In Russia, on 01 September is the Day of Knowledge, a joyous annual event marks the beginning of the new school year. But the Day of Knowledge 2004 was different in the School No. 1 in Beslan: A group of heavily armed rebel extremists stormed the school, with more than a thousand children and adults hostage in a hot gymnasium for three days.
The siege ended on September 3 terrible series of explosions and a hail of gunfire that killed nearly 350 people – half of them children. With heartbreaking interviews with survivors more than a dozen young people, and chilling scenes shot by the kidnappers themselves, the children of Beslan investigated the devastating effects of violent conflict on children.
Through the words of those who have been orphaned and deprived of family and friends, details of the 57-hour siege arise from the first moments of confusion, when students heard noises they thought were balloons popping, to the hours and days of numbness in the overheated gym, devastating the last hours, when bombs attached to the walls and suspended ceiling was gone, and hundreds of hostages in panic, bullets flying around him, began to climb the bodies of victims to safety.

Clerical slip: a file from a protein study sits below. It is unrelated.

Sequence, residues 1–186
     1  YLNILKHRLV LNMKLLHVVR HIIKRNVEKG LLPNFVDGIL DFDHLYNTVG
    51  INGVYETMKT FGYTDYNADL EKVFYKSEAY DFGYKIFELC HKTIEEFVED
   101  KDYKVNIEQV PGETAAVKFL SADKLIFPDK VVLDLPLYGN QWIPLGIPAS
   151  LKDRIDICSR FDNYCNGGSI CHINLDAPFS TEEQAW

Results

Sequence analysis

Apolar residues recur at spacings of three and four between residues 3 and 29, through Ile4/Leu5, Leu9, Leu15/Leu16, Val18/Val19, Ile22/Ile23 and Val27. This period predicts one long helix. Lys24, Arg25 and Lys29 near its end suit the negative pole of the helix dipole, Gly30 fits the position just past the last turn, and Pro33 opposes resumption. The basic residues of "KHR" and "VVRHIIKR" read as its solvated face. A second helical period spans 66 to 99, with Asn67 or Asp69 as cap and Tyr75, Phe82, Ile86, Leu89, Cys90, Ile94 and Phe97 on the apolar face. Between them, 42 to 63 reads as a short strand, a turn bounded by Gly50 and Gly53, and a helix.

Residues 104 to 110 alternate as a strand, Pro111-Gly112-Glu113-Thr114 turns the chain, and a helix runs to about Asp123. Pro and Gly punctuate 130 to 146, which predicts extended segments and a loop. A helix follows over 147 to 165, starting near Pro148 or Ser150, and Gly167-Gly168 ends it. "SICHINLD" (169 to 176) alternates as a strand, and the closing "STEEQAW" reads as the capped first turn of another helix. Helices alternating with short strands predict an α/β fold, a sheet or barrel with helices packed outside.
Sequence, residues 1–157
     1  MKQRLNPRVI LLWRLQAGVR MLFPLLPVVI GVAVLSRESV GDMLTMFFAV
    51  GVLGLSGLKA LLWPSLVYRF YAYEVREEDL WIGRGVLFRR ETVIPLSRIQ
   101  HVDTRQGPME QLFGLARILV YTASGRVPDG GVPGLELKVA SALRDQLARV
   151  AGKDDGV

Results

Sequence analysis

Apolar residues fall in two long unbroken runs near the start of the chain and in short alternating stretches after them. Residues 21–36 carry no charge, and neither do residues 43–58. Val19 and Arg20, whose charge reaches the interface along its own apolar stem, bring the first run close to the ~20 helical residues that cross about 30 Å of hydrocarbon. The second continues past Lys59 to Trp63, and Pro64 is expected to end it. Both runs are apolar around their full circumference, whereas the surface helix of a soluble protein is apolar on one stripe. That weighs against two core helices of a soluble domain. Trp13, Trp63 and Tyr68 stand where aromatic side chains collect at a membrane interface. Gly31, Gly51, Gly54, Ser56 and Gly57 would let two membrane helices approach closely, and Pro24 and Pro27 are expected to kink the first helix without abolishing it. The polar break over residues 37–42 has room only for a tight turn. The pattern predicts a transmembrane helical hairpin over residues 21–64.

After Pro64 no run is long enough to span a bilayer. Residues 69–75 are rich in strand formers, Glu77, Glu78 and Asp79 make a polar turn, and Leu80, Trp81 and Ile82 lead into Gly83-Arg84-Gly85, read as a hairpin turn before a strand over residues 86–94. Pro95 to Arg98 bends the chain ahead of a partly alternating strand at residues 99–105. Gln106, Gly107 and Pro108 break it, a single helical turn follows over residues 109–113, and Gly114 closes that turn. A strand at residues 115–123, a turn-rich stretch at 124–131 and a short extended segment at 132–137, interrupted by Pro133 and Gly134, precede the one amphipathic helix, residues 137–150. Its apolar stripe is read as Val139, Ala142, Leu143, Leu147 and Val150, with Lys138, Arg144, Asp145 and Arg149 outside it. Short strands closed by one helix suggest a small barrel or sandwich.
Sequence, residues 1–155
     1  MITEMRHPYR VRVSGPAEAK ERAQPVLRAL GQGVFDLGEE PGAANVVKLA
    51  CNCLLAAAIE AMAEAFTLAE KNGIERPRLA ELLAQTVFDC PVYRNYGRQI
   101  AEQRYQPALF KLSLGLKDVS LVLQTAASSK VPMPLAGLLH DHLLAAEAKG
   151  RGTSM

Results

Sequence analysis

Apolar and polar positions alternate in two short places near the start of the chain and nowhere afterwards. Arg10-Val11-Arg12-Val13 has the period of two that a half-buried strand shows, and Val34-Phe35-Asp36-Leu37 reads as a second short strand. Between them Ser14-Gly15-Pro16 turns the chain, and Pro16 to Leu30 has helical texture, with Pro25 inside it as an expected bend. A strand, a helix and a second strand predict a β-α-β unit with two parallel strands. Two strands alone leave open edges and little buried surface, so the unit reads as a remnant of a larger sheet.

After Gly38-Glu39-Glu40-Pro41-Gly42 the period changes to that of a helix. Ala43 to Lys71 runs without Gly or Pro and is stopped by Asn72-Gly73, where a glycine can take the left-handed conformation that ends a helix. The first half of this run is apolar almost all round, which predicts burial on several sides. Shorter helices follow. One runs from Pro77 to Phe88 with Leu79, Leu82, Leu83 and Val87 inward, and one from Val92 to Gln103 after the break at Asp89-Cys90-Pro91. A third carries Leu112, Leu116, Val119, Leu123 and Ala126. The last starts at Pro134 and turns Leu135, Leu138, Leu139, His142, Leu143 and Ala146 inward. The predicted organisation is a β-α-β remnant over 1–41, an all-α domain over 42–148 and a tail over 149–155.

Aged 6 to 12, the children relate the events that have stolen their family, friends and innocence – describing experiences that are chillingly familiar. The Beslan siege ultimately killed more children and adults that the tragic 2002 siege of a Moscow theater by Chechen extremists.
Most children today survive studies in another school in the city, as some parents fear that accompany even the school. The scars of children, seen and unseen, remain. “I have fewer friends than before,” says Carat. “Those who survived – boys are not the same fun as before, we are serious now. We’re adults. … Do not fight anymore Even young children became adults. Children understand everything.”
Children of Beslan shows the impact of violent conflict in which rarely heard from, but often the most deeply affected by their consequences: children.